Where do medical writers fit in?

The role of medical writers within medical affairs generally depends on the different phases of product development. It may include producing familiar outputs such as study protocols, regulatory documents (e.g. clinical study and evaluation reports), and the full range of publications targeted at professionals and lay audiences.

Leticia: I work very closely with amazing medical writers, and they assist our department with many activities: publications, abstract submissions, regulatory documents, scientific meetings, slides for training, etc. I probably interact with medical writers on a daily basis and acknowledge the great value they bring to our work.

Jen: If you had asked me this question 10 years ago, I probably would have said ‘I have a bunch of people in my clinical team and they are pretty good writers’. About 8 years ago, we hired our first medical writer, despite the team being sceptical about having a dedicated writer. Now my team will not make a move without their medical writer. We have writers working on multiple clinical trials or scientific communication to reimbursement authorities etc. Having this exposure early on can benefit the publication strategy, and the medical writing team has proved to be a huge asset. The other part of medical writing is preparing the clinical evaluation report. It is becoming so critical that we now have 30 writers in the group helping with regulatory writing across Europe and China. We usually insource and occasionally outsource as well. Medical writing is vital for most of what we do.

Getting started in medical affairs: Personal experiences

Leticia: I am a paediatrician and was approached by a pharma company initially to work as a medical science liaison. What attracted me to this role was the opportunity to discuss familiar scientific data with my peers. The transition to other clinical areas such as cardiology and pulmonology, as well as new leadership roles as a medical advisor, went well but required training. I think the challenge of constantly learning and developing new skills is what keeps me motivated.

Jen: After finishing an undergraduate degree in biochemistry, I wanted to go to medical school. Instead, I got into manufacturing of medical devices and eventually moved into clinical research and from there into medical affairs. About 6 years ago, I took on an expanded role. This included clinical research and medical science, with responsibilities similar to those of a science liaison lead/medical director. Other areas I look after include healthcare economics, policy, and reimbursement, as well as healthcare provider training.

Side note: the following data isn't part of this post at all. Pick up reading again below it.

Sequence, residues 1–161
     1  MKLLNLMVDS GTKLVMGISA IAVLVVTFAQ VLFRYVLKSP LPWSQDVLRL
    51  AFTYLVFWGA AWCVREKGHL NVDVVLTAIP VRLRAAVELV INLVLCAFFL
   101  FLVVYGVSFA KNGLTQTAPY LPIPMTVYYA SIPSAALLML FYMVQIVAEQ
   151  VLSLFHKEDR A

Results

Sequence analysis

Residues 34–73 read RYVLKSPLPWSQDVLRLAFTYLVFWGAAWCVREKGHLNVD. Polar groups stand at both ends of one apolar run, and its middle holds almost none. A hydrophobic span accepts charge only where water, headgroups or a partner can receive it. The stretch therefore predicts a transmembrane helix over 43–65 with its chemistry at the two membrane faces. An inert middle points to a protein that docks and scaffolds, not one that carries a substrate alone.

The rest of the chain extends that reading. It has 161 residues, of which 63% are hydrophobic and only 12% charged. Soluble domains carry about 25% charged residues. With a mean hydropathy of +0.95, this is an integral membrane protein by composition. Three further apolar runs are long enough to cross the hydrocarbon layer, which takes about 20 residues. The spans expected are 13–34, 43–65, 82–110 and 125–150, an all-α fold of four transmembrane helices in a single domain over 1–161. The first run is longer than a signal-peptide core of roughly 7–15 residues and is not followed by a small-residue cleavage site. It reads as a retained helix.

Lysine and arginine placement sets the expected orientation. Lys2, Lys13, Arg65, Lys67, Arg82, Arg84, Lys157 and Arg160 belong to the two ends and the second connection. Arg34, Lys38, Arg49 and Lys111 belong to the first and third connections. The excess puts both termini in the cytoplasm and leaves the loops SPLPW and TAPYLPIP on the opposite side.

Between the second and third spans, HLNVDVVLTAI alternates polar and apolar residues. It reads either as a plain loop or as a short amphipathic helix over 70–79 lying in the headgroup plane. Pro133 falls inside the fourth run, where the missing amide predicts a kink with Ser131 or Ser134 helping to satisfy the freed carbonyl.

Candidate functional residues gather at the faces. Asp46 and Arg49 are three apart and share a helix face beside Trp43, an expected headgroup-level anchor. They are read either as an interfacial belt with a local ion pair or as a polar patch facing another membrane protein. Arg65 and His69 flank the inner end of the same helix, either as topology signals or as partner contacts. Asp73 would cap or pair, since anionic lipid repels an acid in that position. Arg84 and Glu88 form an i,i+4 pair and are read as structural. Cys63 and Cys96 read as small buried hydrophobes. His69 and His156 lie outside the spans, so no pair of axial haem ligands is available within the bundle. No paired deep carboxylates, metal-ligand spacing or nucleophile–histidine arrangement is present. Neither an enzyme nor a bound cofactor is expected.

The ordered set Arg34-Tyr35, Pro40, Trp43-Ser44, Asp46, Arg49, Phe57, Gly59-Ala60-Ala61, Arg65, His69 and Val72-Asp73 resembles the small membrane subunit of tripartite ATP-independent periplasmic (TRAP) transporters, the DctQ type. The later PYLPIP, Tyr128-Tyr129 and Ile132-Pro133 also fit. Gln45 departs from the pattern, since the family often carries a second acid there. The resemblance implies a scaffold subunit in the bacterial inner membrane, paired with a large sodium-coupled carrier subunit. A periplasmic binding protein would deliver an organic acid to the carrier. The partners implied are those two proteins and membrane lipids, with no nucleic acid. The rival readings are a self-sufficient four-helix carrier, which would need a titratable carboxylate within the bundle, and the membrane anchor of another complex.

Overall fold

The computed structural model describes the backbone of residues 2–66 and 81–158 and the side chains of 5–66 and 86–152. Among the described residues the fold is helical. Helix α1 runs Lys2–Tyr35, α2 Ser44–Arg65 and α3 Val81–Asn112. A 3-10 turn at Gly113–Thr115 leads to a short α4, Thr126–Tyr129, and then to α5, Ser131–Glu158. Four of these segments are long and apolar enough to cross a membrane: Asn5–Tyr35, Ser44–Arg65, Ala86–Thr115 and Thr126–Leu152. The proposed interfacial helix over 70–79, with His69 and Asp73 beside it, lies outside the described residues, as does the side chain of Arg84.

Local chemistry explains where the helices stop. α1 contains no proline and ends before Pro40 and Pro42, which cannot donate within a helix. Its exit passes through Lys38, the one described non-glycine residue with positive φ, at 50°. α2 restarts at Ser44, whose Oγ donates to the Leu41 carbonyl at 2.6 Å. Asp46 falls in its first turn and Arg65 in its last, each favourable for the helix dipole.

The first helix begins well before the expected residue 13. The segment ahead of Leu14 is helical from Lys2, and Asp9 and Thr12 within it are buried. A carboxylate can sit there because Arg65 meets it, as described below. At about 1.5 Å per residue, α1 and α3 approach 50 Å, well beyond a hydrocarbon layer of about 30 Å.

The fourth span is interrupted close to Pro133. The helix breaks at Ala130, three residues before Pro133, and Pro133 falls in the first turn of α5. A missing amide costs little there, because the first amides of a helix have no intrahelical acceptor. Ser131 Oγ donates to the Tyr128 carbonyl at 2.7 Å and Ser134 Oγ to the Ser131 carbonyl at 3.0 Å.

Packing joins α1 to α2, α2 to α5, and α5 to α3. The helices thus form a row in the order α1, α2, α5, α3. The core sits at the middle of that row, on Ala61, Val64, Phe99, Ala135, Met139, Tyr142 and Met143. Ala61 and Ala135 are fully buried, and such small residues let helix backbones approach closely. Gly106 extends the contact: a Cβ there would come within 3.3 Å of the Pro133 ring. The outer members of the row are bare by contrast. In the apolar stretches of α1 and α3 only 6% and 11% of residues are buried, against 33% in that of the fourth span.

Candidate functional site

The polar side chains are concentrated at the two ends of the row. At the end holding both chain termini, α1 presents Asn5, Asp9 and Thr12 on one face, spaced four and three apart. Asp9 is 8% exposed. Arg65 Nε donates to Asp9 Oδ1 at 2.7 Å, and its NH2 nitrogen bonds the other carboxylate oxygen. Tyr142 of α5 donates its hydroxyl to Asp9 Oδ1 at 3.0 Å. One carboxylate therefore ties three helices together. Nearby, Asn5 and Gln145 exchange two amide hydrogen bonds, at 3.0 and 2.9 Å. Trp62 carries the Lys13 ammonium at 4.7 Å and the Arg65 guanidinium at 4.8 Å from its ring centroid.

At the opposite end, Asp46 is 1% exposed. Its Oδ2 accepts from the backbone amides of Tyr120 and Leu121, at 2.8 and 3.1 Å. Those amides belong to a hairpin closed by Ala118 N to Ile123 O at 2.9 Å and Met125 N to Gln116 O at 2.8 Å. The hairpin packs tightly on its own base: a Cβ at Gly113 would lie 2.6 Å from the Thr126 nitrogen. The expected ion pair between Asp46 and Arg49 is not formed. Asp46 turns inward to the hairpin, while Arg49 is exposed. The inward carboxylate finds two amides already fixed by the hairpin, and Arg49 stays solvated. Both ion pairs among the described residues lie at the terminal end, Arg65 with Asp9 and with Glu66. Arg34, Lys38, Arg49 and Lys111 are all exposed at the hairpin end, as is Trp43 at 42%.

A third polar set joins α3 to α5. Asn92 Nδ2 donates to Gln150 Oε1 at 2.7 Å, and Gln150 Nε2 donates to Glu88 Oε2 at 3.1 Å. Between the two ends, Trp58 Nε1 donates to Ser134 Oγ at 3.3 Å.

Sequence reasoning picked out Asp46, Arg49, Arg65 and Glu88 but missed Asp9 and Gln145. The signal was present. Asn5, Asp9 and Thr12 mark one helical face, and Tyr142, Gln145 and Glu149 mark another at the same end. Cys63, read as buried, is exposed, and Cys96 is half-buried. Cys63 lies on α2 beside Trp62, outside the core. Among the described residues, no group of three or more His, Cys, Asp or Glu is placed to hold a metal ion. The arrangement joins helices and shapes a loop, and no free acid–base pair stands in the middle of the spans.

Advice for new recruits to medical affairs

Leticia: Improve your scientific and communication skills and work on networking.

Jen: Don’t underestimate the importance of networking. Build a network and get to know people. Many of us have multiple bosses that we need to work with. Flexibility and learning to manage by influence are vital.

The future of medical affairs

Leticia: I foresee medical affairs playing an increased and more relevant leadership role in our company.

Jen: One area that we are starting to become increasingly involved in is value-based healthcare projects. We are already starting to see some success and it is an interesting evolution beyond the traditional medical affairs work. It is about engaging better with customers, and that is exciting. We are setting up more of a governance around these projects and medical affairs, and I believe that is a future accomplishment for us.

Leticia: Medical affairs is here to stay. While relations and strategy will continue to be important, future activities will be driven by advanced analytics of patient data which go beyond a drug or device to include the whole therapeutic area. Successful companies will be those that can demonstrate effectiveness, safety, and an enhanced value proposition. In the future, there will be increased reliance on real-world data, patient-reported outcomes, electronic medical records, and artificial intelligence. Other trends are likely to be even greater regulation, increased transparency, and a push for industry to work in partnership with stakeholders to optimise care. Many consider the future to be ‘digital’; others emphasise the importance of patient centricity during treatment and product development. Within an organisation, someone needs to be responsible for this public-facing role. Step forward medical affairs!


Medical affairs departments have been established across many pharmaceutical and medical device companies. They are increasingly seen as the face of the health industry and a valued, professional bridge between science and commercial interests. Working in medical affairs appears an attractive option with a good salary and opportunities for career development. Depending on the organisation, there seems to be an increasing need for medical writers to work on a wide range of activities. As so often is the case in the medical communications world, having a science degree and being able to network and work well in teams are elements for success. Medical affairs is here to stay and being on board near the beginning of its evolution could be a good career move for many.


We are most grateful to Dr Leticia Orsatti MD, Global Medical Advisor at Boehringer Ingelheim International GmbH and Jen Doyle, Vice President Medical Affairs, Medtronic LLC for their contribution to this article.

Conflicts of interest

The authors declare they have no conflicts of interest.